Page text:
Bullpen in Shambles
I’ve been saying the last few years that bullpens have a very small shelf life. Normally, if a team can keep a solid group of guys together for 2-3 years then they are doing a good job. The Royals bullpen has been one of the best in baseball the last few years, and with their performance so far this year they might be drawing very close to a major shakeup. Tim Collins and Francisley Bueno have been roughed up, Greg Holland has looked human, and Wade Davis and Kelvin Herrera have already had minor blips. What was once the most reliable thing on the team has become a big question mark. Louis Coleman has returned while Collins and Bueno have ended up on the disabled list for the time being. This is still a very solid group and will probably continue to put up solid numbers. But the days of them being locked down might be over. If there isn’t a shakeup this season, there very well could be in the offseason. Luckily for Kansas City, relievers are easy to accumulate and acquire.
Seven Relievers and No Backup Infielder?
One of the biggest deciding factors on whether or not a team makes it deep into the postseason is roster structure. If you are lacking in any area to compensate for another, there is a good chance you won’t even make it into the playoffs. With that said, it has been downright maddening to know that Royals management would rather carry seven relievers than ditch one and add a backup infielder to the roster. Pedro Ciriaco started the year on the team but was quickly jettisoned to Omaha to add to their collection of infielders. Christian Colon and Johnny Giavotella have seen regular time in AAA, as has journeyman Jason Donald. You would think with the amount of time both Alcides Escobar and Omar Infante missed this spring that it would be wise to keep an extra around in case one gets hurt. Hell, you might keep one around just because you might be tempting fate if you don’t. The Royals tempted, and what happened? Omar Infante was hit in the face the other night and had to be replaced by Danny Valencia. Yes, the Danny Valencia that had never played second base before Spring Training. The Danny Valencia who is a corner infielder and doesn’t play in the middle of the diamond. So in other words, he was out of place on Tuesday night when a ball was hit near him in the ninth inning that got past him and helped win the game for Tampa Bay. I’m not throwing this at Valencia’s feet; it wasn’t his fault. He just went out and did what was asked of him. But it makes no sense to not have a backup infielder on the team. They finally called one up for Wednesday’s game, as Giavotella made it to Kansas City and got a hit and a sac fly. This might seem like a minor thing, but it’s the difference between a contender and a pretender. For a team like Kansas City, there is no room for mental mistakes by management.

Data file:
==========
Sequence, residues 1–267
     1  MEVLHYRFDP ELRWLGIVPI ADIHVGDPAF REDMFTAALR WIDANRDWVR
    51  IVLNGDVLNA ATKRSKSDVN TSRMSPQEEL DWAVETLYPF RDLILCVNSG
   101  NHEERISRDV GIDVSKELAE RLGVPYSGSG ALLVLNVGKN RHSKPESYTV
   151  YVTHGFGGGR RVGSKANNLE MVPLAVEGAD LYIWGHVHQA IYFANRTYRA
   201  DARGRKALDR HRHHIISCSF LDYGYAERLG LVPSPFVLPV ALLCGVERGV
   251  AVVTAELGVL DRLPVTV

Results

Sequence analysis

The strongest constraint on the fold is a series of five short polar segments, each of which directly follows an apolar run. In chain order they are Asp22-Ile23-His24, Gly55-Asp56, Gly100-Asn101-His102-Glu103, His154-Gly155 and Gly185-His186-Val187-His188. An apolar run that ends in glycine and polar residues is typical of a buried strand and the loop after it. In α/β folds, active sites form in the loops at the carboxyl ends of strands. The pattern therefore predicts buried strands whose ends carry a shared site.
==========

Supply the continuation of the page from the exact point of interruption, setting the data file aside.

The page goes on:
So there it is, a breakdown of the first eight games and what the Kansas City Royals are doing right and what needs improvement. Look, it’s only been eight games so far; there is a lot of baseball yet to be played. I’m not too worried yet, but check back again with me in May. This team still has the potential and could be very special. As long as they continue to improve and don’t press too hard, we very well could be in a pennant chase this year. If not, we have this:
Ahhh, it’s already warming my heart!